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Being a cat parent is fun and rewarding, but it also comes with plenty of responsibilities. You’ve got to clean out the litter box, provide them with adequate mental and physical stimulation, and take them to the vet every year for their annual checkup.
Upon adoption and throughout their life, inoculating them against potential disease is also important. That said, there’s an ongoing debate regarding whether vaccinating felines against rabies — a very rare, but serious disease — is necessary. Today we’re helping you determine if your cat should get the vaccine or not.
Does Your State or Country Require the Rabies Vaccine?
In some states (and certain parts of the world), it’s required by law for cats to get a rabies vaccine even if they’re an indoor-only cat, even though the disease is rare. This is considered a preventative measure in the absolute worst-case scenario, and foregoing the vaccine when it’s a legal requirement would mean you’re breaking the law.
You can review this comprehensive list put together by the Animal Legal & Historical Center of Michigan State University to see if your state requires the vaccine, and by what age they should have it (many are within the first six months).
Are You Traveling to Another Country with Your Cat?
Though the United States as a country doesn’t require cats to have a rabies vaccination upon departure or entry, some countries do. It’s important to check what inoculation requirements your destination has for cats, otherwise you may risk a long quarantine. (Note that some countries require a quarantine either way).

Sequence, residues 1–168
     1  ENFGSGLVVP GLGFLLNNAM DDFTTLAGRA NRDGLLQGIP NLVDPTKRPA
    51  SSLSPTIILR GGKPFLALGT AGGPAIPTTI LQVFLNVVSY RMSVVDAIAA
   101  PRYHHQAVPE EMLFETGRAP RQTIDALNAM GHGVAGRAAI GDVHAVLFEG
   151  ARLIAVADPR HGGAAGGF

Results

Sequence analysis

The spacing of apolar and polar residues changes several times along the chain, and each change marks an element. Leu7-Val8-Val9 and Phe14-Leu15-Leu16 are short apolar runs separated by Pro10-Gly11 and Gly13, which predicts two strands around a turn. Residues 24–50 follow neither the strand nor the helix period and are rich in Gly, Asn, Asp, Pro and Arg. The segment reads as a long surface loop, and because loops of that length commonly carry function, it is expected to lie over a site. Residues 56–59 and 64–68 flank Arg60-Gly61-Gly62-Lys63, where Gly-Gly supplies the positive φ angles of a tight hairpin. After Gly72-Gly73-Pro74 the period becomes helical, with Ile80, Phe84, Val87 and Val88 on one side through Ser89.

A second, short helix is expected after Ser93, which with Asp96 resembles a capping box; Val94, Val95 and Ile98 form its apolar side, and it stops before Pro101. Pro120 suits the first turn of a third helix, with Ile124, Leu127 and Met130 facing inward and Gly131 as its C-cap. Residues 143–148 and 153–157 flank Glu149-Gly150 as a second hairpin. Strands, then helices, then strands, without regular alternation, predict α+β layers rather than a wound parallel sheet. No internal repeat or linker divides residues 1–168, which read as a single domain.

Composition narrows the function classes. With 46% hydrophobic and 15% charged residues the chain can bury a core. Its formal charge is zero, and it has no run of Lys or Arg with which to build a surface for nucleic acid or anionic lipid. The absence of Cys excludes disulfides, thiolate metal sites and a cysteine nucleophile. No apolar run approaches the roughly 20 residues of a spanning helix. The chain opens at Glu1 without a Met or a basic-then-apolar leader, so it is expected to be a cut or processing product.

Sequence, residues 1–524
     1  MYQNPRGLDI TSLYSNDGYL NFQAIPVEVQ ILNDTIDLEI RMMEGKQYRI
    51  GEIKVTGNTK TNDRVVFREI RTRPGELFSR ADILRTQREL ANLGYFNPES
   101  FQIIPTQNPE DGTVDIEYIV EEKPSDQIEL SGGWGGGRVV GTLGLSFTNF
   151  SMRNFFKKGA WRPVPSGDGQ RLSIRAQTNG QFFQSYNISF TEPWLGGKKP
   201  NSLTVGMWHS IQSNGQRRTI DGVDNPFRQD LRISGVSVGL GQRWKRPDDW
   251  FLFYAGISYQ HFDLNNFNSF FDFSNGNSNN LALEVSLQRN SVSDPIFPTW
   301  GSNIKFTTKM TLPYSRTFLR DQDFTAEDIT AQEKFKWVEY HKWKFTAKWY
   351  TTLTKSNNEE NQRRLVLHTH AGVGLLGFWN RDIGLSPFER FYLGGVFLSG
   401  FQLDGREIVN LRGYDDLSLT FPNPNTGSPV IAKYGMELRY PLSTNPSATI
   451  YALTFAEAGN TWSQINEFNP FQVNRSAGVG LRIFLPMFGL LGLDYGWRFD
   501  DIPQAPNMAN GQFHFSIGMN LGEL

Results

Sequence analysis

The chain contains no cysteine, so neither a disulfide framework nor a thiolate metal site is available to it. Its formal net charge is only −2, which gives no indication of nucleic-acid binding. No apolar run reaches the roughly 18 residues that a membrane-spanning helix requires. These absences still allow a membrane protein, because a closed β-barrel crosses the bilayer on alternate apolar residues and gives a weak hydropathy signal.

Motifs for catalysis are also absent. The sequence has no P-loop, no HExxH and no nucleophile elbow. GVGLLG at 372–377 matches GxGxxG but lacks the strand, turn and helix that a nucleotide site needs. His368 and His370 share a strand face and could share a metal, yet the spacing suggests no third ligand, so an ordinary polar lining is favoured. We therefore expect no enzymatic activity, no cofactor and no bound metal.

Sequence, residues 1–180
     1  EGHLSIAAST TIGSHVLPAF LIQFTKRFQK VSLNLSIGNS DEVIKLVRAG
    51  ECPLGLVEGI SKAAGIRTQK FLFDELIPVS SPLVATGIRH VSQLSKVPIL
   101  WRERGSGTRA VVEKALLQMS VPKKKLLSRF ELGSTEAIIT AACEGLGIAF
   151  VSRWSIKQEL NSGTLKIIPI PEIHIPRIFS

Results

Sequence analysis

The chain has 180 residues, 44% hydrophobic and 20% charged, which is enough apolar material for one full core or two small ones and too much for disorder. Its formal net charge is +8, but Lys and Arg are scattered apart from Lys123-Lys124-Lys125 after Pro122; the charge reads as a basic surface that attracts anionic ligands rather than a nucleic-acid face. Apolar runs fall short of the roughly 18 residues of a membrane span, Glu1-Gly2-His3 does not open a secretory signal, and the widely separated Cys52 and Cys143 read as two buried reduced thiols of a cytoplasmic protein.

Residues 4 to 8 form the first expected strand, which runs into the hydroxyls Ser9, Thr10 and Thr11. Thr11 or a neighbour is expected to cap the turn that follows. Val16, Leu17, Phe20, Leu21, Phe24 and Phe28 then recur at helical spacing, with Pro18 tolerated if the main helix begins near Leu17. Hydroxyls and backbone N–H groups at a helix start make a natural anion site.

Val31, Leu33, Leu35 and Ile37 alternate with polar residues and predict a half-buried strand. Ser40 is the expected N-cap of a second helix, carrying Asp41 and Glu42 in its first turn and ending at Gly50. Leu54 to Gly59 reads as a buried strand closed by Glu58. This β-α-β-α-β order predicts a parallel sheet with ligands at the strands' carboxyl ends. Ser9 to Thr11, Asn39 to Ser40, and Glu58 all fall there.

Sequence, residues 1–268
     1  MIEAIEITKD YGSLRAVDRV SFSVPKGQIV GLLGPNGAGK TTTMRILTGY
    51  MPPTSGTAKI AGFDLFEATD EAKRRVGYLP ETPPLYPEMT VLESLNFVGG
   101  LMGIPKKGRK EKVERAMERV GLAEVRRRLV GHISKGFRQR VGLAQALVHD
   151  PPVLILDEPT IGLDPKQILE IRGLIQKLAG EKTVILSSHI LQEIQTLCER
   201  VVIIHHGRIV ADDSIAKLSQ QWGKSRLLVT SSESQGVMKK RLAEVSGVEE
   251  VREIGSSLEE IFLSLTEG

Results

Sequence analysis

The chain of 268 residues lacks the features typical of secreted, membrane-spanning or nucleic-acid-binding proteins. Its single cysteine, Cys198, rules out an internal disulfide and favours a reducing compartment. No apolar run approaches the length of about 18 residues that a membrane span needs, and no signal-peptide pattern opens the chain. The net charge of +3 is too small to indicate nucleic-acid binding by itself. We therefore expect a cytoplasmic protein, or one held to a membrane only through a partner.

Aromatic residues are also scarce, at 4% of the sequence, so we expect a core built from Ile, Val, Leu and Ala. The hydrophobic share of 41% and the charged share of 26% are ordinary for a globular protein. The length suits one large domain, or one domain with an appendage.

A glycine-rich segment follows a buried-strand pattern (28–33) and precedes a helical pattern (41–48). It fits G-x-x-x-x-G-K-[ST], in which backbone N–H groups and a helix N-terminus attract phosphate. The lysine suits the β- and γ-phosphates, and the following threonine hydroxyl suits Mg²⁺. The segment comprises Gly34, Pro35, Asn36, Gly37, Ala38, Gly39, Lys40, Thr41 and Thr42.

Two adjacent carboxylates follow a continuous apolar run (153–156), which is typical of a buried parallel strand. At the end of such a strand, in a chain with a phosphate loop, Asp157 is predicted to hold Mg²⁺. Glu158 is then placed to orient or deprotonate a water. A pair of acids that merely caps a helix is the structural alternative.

Is Your Cat Frequently Exposed to Wildlife?
Though rabies is a rare disease as far as domesticated, indoor cats are concerned, it’s not quite as rare in the wild. If your cat spends time outdoors and is potentially exposed to other animals — including raccoons, skunks, bats, cats, dogs, and groundhogs — then having them inoculated against rabies is highly recommended. According to this 2014 study, 30.2% of tested raccoons, 29.1% of tested bats, and 26.3% of tested skunks had rabies.
Would You Consider Your Cat an Escape Artist?
Even if the intention is for your indoor cat to remain indoors, they can sometimes be really good at escaping. If you’re the proud owner of a feline that dashes out the door or runs away for hours or days at a time, then getting a rabies vaccine as a preventative measure is a good idea.
Do You Ever Board Your Cat While on Vacation?
If you frequently have your cat boarded, a rabies vaccine may be a wise decision. In many cases, the facility will actually require proof that all vaccinations are current, including the rabies vaccine. In cases where a boarding facility doesn’t require it, the chances of your cat contracting rabies still is very slim. However, there’s always that slight possibility they could be unknowingly exposed to the disease while out of the house.
The Bottom Line on Whether Your Cat Should Get a Rabies Vaccine
An indoor cat who stays indoors forever is not likely to contract rabies. In that case, getting the vaccine likely isn’t necessary (unless it’s required by law). However, if there’s even an off chance that your cat could be exposed, then inoculating them can provide you with great peace of mind. Rabies is a serious disease that can be fatal in all animals, even humans.
If you’re still unsure, have a candid conversation with your veterinarian about what makes the most sense for your feline. Also, if your vet seems to push the vaccine even though you feel it is unnecessary, it is OK to get a second or third opinion.
The content is not intended to be a substitute for professional veterinarian advice, diagnosis, or treatment. Always seek the advice of your veterinarian or other qualified health provider with any questions you may have regarding a medical diagnosis, condition, or treatment options.